Wednesday, April 05, 2006

Dynamic Pricing

In his marketing blog, Seth Godin asks about dynamic pricing.
Why doesn't fresh fish cost more than the same fish a day later? bowling a few cents less when it's not so crowded? movie tickets more on the day a movie debuts? why don't computers with a three-year obsolence cycle have predictable pricing that starts high and gets near cheap just before the new upgrades?
I first came upon this idea in Kevin Kelly's book New Rules for the New Economy (available online).
A head of lettuce today ... does not contain any financial information beyond a price sticker. Once applied, that price is fixed, too. It doesn’t change unless a human changes it. The economic consequences of lettuce sales elsewhere, or a change in the general global economy do not affect the head of lettuce itself. Instead, lettuce-related information flows through wholly separate channels—news programs or business newsletters—that are divorced from the lettuce itself. The lettuce is economically inert.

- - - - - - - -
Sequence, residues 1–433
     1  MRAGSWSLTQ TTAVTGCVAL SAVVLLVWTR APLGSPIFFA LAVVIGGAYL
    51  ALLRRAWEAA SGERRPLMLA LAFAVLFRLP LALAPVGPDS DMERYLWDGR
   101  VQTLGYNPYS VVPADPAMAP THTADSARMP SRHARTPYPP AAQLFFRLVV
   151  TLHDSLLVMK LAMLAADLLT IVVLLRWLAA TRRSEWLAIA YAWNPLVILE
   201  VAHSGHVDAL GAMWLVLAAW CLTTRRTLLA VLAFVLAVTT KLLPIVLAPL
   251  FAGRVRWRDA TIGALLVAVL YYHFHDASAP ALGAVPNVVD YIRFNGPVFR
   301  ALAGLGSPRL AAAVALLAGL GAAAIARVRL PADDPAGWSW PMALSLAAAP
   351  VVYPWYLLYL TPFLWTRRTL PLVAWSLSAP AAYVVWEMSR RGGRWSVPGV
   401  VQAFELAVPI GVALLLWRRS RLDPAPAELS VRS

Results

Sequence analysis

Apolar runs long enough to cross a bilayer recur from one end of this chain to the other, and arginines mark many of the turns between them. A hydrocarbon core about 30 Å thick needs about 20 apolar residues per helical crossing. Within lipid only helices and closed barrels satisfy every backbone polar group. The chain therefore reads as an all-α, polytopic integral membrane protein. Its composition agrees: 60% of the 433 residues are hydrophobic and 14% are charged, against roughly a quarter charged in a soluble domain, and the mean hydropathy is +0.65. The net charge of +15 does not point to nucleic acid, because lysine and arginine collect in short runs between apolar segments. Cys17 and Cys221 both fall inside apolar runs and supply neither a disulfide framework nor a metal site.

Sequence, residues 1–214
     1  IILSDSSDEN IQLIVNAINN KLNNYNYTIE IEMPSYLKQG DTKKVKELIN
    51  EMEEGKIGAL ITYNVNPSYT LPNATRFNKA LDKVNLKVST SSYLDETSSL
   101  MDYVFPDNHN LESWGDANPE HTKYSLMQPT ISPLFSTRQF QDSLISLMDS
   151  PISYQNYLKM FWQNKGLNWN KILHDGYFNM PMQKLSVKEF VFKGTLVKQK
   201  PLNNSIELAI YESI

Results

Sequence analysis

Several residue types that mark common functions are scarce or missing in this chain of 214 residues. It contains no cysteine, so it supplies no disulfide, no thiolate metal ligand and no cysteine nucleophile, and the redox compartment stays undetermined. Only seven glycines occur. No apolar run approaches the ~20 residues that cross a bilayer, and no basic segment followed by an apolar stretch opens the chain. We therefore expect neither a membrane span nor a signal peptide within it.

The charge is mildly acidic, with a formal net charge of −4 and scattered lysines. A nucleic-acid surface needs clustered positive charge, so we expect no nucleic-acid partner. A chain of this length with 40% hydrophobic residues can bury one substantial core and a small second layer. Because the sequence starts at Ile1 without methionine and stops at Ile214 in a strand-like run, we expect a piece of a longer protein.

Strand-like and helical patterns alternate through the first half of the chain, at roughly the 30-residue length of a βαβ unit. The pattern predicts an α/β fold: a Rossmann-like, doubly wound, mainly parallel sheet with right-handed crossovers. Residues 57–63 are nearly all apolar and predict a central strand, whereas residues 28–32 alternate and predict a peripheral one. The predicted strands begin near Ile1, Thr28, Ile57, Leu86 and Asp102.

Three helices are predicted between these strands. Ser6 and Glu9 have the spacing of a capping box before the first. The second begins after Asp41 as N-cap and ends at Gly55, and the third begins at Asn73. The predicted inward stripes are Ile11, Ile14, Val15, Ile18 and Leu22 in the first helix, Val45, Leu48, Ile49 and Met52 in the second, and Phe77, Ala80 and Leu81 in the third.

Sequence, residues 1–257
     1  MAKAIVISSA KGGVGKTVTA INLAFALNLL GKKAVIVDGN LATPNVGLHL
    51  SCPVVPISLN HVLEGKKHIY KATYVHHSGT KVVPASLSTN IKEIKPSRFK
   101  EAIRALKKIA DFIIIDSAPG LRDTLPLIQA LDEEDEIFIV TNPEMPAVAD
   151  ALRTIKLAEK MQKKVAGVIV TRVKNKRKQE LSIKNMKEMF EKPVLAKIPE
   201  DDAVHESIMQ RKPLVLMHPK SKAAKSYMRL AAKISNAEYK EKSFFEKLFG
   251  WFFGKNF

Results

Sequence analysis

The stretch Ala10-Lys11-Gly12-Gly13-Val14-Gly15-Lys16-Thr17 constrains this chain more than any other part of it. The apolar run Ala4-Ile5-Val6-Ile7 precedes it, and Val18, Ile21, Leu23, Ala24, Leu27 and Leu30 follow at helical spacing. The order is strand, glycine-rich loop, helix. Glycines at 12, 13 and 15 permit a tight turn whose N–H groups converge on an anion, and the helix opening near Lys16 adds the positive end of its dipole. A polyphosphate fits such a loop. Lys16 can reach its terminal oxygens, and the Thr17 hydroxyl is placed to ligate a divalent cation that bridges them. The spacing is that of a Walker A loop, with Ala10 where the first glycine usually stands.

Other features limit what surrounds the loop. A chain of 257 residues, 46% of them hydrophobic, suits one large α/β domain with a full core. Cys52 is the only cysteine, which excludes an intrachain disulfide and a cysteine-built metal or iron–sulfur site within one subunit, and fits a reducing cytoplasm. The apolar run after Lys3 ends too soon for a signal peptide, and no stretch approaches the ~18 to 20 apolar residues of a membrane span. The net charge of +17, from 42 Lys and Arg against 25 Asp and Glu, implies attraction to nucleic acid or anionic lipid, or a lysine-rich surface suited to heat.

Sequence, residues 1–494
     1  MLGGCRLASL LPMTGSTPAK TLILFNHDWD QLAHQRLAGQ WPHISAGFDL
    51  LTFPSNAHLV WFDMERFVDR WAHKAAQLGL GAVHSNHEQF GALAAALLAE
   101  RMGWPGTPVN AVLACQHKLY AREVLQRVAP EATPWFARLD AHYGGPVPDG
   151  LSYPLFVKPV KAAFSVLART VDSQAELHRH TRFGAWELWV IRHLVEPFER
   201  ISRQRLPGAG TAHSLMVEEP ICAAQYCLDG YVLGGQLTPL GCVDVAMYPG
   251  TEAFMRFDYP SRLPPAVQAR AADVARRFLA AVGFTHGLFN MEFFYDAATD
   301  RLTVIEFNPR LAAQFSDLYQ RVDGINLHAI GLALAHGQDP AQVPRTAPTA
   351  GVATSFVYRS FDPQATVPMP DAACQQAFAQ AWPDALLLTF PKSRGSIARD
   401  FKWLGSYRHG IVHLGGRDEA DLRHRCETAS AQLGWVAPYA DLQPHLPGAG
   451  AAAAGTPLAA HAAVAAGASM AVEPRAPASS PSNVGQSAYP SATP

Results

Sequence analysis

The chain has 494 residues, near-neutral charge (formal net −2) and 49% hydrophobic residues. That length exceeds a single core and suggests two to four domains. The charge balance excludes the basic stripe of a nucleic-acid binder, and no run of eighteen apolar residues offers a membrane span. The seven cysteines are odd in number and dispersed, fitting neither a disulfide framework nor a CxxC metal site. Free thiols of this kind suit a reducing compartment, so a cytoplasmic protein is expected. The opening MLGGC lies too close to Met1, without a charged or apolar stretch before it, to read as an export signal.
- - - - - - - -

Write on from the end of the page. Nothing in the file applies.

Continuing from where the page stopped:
The realm of the animated is different. It’s vastly interconnected. In this coming world a head of lettuce carries its own identity and price, displayed perhaps on an LED slab nearby, or on a disposable chip attached to its stem. The price changes as the lettuce ages, as lettuce down the street is discounted, as the weather in California changes, as the dollar surges in relation to the Mexican peso. Traders back in supermarket headquarters manage the "yield" of lettuce prices using the same algorithms that airlines use to maximize their profits from airline seats. (An unsold seat on a 747 is as perishable as an unsold head of lettuce.)
[Source: Chapter 5]

Kelly describes this as animating the lettuce, following the principle of "Feed the Web First". (Presumably Webb's Wonder 2.0.)

This kind of animation calls for new and more complex kinds of system interconnection, and new and more complex kinds of commercial arrangement. Shifting the enterprise further into the real-time.

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